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6 to Know: DeSantis Says He Won't Declare State of Emergency Over Monkeypox

It’s Thursday, August 4th - and NBC 6 has the top stories for the day

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It’s Thursday, August 4th - and NBC 6 has the top stories for the day.

No. 1 - It was early Monday morning on Davie Boulevard in Fort Lauderdale when a pregnant woman walking her dog was suddenly attacked. 

“I haven’t really left the house, and the dog certainly hasn’t either. She’s got tubes coming out of her neck and drains," Danielle Lowell said. Lowell described the nearly life-threatening injuries her dog Messi got after being attacked by another dog. Fortunately, the 4-year-old Jack Russell's heart wasn't punctured. But her neck, scars, and wounds will take some time to heal. Lowell is 32 weeks pregnant and said it was a regular walk with Messi on their usual route when a pit bull suddenly lunged at them. Lowell says the pitbull’s owner was nearby. Click here for more on this story in a report from NBC 6’s Jamie Guirola.

No. 2 - The jurors in the Parkland school shooting sentencing will be touring the building where the tragedy occurred on Thursday.

Judge Elizabeth Scherer told jurors Wednesday that they will be taken by bus Thursday morning to Marjory Stoneman Douglas High School, where they'll tour the 1200 building that was the site of the Feb. 14, 2018 shooting that left 17 dead and 17 others wounded. The jurors will be guided floor-by floor by bailiffs and must adhere to strict rules that include not touching any items. Shortly after the shooting, the building was fenced off and sealed — the dried blood, Valentine's Day gifts and bullet holes still in place. Gunman Nikolas Cruz, now 23, pleaded guilty to the murders in October. Jurors are deciding whether he'll be sentenced to death or spend the rest of his life in prison.

No. 3 - As monkeypox cases rise in Florida, Gov. Ron DeSantis said he won't be declaring a state of emergency over the disease.

"Do not listen to their nonsense ... I'm so sick of politicians, and we saw this with COVID, trying to sew fear into the population," he said in a news conference near Orlando on Wednesday. Currently, there are more than 500 cases in Florida, which is more than double from last week. South Florida has a bulk of new cases — 384 between Miami-Dade, Broward and Monroe counties. DeSantis compared monkeypox public education campaigns to the likes of COVID. Right now, monkeypox is spreading fast among men who have sex with men. But there are concerns that as school is set to start, transmission could dramatically increase among other populations.

No. 4 - The U.S. Coast Guard in South Florida is asking family members to discourage their relatives from Cuba and elsewhere from making dangerous and illegal voyages by sea to the country.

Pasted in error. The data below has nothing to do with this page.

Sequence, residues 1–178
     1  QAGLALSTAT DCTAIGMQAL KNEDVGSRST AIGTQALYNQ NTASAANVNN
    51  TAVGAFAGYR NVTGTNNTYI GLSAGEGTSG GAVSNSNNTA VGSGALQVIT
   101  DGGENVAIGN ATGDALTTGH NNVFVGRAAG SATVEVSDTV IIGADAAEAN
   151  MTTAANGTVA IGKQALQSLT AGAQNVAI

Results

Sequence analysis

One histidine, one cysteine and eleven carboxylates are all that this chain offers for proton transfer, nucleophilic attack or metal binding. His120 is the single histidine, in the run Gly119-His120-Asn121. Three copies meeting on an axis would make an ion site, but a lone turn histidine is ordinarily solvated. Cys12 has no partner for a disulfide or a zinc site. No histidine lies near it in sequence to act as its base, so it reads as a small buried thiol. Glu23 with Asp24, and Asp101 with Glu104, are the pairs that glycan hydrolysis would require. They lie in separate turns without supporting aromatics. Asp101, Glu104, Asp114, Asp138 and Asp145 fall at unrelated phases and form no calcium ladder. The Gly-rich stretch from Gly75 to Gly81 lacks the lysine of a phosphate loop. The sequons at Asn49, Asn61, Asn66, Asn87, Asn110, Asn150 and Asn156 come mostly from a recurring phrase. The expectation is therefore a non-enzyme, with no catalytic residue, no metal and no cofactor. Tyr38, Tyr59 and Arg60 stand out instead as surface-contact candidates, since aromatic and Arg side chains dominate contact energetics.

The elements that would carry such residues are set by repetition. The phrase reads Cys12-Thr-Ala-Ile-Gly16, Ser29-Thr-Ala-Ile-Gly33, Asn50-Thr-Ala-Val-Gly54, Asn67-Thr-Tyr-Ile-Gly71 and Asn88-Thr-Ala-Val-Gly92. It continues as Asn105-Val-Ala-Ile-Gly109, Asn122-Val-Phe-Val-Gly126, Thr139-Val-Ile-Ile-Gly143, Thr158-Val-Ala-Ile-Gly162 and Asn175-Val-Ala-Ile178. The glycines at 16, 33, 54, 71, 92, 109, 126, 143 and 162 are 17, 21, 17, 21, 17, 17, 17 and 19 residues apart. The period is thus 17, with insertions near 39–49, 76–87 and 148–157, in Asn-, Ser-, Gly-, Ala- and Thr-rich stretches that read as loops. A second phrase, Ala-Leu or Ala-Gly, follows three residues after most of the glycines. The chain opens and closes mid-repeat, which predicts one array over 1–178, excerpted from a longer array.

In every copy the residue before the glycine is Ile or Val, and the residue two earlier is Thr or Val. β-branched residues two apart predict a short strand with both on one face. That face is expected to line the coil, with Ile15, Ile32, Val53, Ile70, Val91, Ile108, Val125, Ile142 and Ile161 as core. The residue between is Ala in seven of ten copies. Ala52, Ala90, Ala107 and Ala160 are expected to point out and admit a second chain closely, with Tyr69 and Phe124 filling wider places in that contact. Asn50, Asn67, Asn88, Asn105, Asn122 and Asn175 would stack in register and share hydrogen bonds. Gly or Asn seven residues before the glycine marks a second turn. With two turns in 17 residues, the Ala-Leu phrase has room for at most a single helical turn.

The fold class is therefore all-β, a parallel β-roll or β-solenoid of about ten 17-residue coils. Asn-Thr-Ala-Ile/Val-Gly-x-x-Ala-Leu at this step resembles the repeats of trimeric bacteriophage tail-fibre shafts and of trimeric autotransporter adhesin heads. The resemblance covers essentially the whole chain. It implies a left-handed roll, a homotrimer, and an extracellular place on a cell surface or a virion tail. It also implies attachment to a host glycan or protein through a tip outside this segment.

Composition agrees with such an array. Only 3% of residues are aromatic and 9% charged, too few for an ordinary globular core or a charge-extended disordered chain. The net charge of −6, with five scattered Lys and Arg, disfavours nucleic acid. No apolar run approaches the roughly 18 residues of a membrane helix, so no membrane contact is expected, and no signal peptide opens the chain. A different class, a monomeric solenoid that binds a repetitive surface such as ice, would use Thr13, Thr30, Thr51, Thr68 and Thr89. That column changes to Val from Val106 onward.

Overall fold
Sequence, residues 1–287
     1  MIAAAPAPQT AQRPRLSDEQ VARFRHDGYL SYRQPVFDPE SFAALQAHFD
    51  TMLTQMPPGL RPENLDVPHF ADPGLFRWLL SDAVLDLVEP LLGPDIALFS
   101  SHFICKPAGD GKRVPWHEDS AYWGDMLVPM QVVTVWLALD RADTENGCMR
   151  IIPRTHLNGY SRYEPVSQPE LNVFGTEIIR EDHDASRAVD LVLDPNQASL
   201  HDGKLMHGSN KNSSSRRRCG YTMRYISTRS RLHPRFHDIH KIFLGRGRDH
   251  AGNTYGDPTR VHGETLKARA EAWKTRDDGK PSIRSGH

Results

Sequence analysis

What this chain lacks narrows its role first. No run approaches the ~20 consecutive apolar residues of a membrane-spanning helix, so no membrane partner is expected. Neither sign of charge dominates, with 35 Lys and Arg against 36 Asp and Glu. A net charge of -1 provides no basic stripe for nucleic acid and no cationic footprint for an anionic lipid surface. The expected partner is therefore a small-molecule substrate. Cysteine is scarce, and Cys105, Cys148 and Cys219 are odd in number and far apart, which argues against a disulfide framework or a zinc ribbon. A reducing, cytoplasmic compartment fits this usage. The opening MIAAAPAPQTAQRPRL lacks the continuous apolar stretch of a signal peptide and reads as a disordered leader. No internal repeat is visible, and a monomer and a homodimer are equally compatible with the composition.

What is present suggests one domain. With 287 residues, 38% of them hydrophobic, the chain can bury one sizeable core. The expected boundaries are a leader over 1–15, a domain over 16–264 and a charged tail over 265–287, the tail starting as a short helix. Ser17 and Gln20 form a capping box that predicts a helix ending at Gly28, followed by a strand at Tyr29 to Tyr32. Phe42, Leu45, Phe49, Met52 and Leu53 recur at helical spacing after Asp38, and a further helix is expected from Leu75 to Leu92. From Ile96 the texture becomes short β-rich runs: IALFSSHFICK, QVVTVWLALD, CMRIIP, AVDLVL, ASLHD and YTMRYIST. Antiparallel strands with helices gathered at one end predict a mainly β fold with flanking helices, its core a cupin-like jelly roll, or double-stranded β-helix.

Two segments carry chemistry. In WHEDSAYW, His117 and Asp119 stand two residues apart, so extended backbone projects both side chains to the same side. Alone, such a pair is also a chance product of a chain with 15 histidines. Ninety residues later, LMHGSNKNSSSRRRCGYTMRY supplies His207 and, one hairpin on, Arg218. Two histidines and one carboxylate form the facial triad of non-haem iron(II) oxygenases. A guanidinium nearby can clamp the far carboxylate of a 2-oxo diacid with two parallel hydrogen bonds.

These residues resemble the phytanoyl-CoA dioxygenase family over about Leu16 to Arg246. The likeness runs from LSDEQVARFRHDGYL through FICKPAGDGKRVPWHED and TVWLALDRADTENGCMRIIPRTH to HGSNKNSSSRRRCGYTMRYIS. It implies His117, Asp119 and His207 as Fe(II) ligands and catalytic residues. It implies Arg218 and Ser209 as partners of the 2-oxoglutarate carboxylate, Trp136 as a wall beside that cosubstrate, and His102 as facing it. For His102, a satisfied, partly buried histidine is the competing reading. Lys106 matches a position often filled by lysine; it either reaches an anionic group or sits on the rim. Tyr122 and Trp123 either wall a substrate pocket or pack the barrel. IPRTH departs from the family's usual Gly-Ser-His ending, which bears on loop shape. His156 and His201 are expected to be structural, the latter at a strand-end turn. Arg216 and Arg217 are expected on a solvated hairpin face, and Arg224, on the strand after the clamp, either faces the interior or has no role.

The trek for a better life in the U.S. is nothing new but with Cuban migration numbers on the rise, the Coast Guard wants migrants to weigh the risks. "People are getting hurt, people are dying. It is safest if they try to come to the U.S. and migrate legally," said Petty Officer Nicole Groll with the Coast Guard's 7th District in Miami. Since Oct. 1, 2021, Coast Guard crews have interdicted nearly 3,800 Cubans, the most since 2016. U.S. Border Patrol officials said Wednesday that a group of 25 Cuban migrants arrived in Key West on a "rustic vessel."

No. 5 - The images on the Broward County Principal and Assistants Twitter page show what it looked like at the end of July when the principals gathered at the Ritz Carlton in Naples. The professional association they belong to said they did more than 11 hours of required professional training in those seminars.

But the head of the Broward Teachers Union questioned Wednesday why the association was asking for the school board to reimburse a large share of the expenses. Ana Fusco said she respects the principals and works well with them, but believed many of the other images on social media show more fun than work. Fusco says traditionally the school board had reimbursed the association for the seminars and that the principals have requested the same thing this time. Click here for more in a report from NBC 6 investigator Willard Shepard.

No.  6  - The first day of school is just around the corner, and school-based professionals are getting ready.

Not just teachers and administrators, but hundreds of mental health counselors, social workers, and nurses gathered at Ronald Reagan Senior High School in Doral for The Children’s Trust annual training conference, an exercise designed to get the attendees up to speed in time for the first school bell to ring. In one of the workshops, mental health professionals were discussing a variety of issues, including the imperative that all staff on campus, not just counselors, learn how to spot the warning signs that a student might be in crisis. That training process has already begun, according to Sally Alayon, who heads the mental health services department of Miami-Dade County Public Schools. Click here for more in a report from NBC 6’s Ari Odzer.

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